The audience at “On The Town,” the thrilling Broadway revival of the 1944 musical that brought us “New York, New York, it’s a helluva town,” doesn’t wait until the end to give a standing ovation. They stand before the show begins. That’s because, before the curtain rises on the story about three sailors meeting three dames while on shore leave for 24 hours in New York City, a 28-piece orchestra plays the national anthem in front of a curtain festooned with a giant American flag — one with just 48 stars. This is how the original musical started, during wartime, a show that marked the Broadway debuts of four now-legendary musical theater artists – composer Leonard Bernstein, choreographer Jerome Robbins and book writers Betty Comden and Adolph Green. If “On The Town” does not hold the kind of sacred place as the flag or the Star-Spangled Banner, it is part of its own American tradition – an early American musical comedy classic: The show opened on Broadway just a year after Oklahoma and six years before Guys and Dolls. Not every production has been able to rekindle the original excited reaction to this savvy mix of silken song, dazzling dance and silly story – high-brow art in a pas de deux with middle-brow entertainment. This fourth Broadway production does. There is no wholesale updating of the material a la It’s Only A Play (The 1949 film of “On The Town” with Gene Kelly and Frank Sinatra was significantly altered from the stage show, including the elimination of much of Bernstein’s luscious bluesy, brassy score.) But director John Rando (Urinetown, A Christmas Story) stamps it with his own brand of cheerful vulgarity, with the help of two writers (Jonathan Tolins and Robert Cary), given credit for “additional material.” Choreographer Joshua Bergasse, making his Broadway debut, pays tribute to the airy jazz-inflected style of Robbins, but turns it more earthy and sensual. “On the Town” was inspired by a ballet, Jerome Robbins’s “Fancy Free.” It should tell you how splendid the dancing that one of the leads, Megan Fairchild, making her Broadway (and theater) debut, is a principal dancer with the New York City Ballet.
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Fairchild plays Ivy Smith, a small-town gal herself recently arrived in the big city, who won the title of Miss Turnstiles of June, awarded by the New York Subway System. The three sailors spot the poster for Miss Turnstiles in the subway, shortly after descending from their ship at the Brooklyn Navy Yard. Gaby (Tony Yazbeck) takes one glance and decides this is the girl of his dreams. His two shipmates decide to help him find her, even though Chip (Jay Armstrong Johnson) wants to go sightseeing. But he and Ozzie (Clyde Alves) run into complications. For starters, they are hijacked by sex-starved females — Alysha Umphress as taxi driver Hildy takes on Chip in an aggressive and gymnastic seduction scene in her cab, accompanied by the raunchy “Come Up To My Place” and then the suggestive “I Can Cook Too”; Elizabeth Stanley as an anthropologist as Claire spots Ozzie at the “Museum of Anthropological History” (I guess the Museum of Natural History threatened to sue) mistaking him for a pre-Homo Sapien (a “Pithecanthropus Erectus” which sounds like it should be censored.) But despite this — and her engagement to an upright judge — her nymphomaniac tendencies get the better of her, and they get (and sing) “Carried Away.” We eventually see both Ozzie and Chip in their underwear. (These are not the innocents from the film.)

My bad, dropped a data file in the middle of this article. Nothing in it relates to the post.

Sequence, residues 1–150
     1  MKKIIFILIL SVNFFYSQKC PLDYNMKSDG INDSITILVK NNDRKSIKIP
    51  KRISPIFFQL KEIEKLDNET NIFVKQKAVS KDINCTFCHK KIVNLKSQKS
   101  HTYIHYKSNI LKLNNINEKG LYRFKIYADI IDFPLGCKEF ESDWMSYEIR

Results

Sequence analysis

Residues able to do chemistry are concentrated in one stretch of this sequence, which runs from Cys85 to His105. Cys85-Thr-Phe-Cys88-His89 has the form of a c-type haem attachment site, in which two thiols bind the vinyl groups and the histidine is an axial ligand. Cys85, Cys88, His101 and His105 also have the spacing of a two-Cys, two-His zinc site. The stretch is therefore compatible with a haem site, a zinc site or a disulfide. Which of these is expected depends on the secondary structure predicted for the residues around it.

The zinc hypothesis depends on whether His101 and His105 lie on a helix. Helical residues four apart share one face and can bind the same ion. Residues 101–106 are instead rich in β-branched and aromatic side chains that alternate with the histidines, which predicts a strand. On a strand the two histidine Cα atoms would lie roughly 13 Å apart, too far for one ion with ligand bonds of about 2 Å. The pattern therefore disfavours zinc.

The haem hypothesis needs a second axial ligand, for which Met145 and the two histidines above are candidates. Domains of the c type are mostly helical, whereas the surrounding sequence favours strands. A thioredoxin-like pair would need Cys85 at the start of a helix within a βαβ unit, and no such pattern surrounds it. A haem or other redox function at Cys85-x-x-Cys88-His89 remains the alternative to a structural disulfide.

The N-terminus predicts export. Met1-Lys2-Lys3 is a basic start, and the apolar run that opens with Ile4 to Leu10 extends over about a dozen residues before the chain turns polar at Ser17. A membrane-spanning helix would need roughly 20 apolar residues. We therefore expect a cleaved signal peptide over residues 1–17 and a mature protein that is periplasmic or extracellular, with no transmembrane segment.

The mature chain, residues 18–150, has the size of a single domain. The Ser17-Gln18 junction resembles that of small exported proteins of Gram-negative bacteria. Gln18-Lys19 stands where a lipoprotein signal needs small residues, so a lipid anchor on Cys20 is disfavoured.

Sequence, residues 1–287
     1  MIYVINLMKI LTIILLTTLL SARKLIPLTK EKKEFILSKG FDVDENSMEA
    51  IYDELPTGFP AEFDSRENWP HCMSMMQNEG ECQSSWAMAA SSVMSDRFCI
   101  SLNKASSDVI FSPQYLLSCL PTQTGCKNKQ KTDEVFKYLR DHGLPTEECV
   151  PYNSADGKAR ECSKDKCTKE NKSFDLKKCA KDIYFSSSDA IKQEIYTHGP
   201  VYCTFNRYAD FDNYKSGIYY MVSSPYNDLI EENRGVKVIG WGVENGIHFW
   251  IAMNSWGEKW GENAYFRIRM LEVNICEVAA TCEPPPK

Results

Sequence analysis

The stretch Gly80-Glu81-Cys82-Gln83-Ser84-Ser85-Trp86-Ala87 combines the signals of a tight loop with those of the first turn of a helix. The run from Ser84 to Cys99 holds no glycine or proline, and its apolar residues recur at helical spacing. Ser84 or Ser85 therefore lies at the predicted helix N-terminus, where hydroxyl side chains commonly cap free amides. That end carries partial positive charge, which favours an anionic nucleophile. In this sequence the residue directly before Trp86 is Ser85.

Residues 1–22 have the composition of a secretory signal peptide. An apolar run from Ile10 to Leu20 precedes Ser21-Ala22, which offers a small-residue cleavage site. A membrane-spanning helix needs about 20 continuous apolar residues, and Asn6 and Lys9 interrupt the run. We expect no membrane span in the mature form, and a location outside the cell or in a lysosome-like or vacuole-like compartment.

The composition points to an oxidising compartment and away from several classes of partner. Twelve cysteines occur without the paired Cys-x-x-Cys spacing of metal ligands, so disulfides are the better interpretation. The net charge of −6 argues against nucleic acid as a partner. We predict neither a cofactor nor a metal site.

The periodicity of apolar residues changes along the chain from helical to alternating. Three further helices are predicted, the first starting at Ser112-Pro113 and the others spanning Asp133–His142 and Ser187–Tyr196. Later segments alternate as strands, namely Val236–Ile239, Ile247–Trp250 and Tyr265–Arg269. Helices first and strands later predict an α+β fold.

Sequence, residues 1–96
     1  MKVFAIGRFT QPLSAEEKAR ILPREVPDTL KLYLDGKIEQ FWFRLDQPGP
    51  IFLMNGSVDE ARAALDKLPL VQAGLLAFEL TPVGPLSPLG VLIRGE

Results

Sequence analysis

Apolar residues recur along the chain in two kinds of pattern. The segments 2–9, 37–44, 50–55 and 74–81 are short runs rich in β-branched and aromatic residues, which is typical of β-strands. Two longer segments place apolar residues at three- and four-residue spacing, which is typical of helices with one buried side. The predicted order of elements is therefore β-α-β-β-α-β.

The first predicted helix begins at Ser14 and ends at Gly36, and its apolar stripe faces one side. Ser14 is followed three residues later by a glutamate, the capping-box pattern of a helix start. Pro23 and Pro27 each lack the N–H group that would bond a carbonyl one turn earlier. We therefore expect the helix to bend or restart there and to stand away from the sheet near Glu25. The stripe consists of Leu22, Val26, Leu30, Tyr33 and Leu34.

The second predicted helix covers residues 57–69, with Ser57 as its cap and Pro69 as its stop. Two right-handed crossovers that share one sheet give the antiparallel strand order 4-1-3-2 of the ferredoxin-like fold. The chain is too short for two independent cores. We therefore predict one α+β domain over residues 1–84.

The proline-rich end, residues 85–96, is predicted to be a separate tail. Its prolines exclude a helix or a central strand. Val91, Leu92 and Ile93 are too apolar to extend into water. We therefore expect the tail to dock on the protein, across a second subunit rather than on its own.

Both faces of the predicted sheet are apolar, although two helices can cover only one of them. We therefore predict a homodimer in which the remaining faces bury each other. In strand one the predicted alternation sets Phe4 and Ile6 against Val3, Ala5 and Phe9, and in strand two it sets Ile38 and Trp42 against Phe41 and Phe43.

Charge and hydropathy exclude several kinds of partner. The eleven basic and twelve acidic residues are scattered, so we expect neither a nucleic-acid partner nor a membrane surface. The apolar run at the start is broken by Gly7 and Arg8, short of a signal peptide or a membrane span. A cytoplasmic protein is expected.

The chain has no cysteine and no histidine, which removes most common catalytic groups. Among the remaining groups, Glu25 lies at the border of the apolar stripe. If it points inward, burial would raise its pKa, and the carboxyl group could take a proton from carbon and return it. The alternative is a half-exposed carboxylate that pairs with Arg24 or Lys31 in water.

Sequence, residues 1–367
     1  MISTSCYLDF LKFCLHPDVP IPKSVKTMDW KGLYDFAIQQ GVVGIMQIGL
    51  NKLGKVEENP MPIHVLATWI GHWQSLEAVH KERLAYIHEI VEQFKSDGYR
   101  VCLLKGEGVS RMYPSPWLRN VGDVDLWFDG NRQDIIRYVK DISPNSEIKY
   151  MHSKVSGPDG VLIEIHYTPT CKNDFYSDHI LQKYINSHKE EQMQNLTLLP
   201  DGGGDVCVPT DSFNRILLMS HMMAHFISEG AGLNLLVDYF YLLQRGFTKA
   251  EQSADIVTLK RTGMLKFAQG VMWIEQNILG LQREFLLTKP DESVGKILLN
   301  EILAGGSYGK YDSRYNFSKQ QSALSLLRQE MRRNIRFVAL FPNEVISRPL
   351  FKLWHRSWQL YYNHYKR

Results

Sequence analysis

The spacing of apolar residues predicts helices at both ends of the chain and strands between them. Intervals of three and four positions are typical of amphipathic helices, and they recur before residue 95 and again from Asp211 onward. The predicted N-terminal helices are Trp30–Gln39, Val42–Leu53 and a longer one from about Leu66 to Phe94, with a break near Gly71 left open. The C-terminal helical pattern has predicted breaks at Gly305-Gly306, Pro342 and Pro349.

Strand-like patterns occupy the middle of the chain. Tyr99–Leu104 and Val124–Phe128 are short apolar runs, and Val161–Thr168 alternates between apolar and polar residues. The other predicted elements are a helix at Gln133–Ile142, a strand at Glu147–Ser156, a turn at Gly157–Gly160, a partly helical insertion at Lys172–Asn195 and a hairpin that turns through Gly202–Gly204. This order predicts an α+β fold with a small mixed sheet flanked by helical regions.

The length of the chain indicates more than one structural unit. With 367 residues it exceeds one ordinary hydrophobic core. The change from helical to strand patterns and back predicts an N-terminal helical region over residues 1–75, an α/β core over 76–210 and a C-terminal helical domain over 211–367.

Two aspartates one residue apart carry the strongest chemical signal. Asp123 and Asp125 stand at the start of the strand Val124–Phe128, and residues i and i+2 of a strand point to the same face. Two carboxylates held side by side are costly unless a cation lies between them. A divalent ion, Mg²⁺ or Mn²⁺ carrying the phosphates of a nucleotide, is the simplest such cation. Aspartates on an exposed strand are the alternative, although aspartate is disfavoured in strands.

“Sex and art don’t mix,” Madame Dilly, a drunken vocal coach played by Jackie Hoffman, tells Ivy, her student, trying to get her not to go on a date with Gabey. “If they did, I’d have gone straight to the top.”
That’s where “On The Town” is.
August 6, 2015 Update: The producers have announced that On the Town will play its last performance on September 6, 2015.
On the Town At The Lyric Theater Music by Leonard Bernstein; book and lyrics by Betty Comden and Adolph Green, based on an idea by Jerome Robbins Directed by John Rando; choreography by Joshua Burgess; music direction by James Moore; sets and projections by Beowulf Boritt; costumes by Jess Goldstein; lighting by Jason Lyons; sound by Kai Harada; hair design by Leah Loukas; makeup design by Joe Dulude II; associate choreographer, Greg Graham; production stage manager, Bonnie L. Becker; additional material by Robert Cary and Jonathan Tolins; music coordinator, John Miller Cast: Tony Yazbeck (Gabey), Jay Armstrong Johnson (Chip), Clyde Alves (Ozzie), Megan Fairchild (Ivy), Alysha Umphress (Hildy), Elizabeth Stanley (Claire), Michael Rupert (Pitkin), Allison Guinn (Nun/Singer/Lucy Schmeeler), Phillip Boykin (Workman/Miss Turnstiles’ Announcer/Dream Coney Island Master of Ceremonies/Bimmy), Stephen DeRosa (3rd Workman/Bill Poster/Figment/Actor/Nedick’s Attendant/Diamond Eddie’s Master of Ceremonies/Conga Cabana Master of Ceremonies/Conductor) and Ja
ckie Hoffman (Little Old Lady/Maude P. Dilly/Diana Dream/Dolores Dolores). Running time: 2 hours 35 minutes including one intermission Tickets: $37 to $150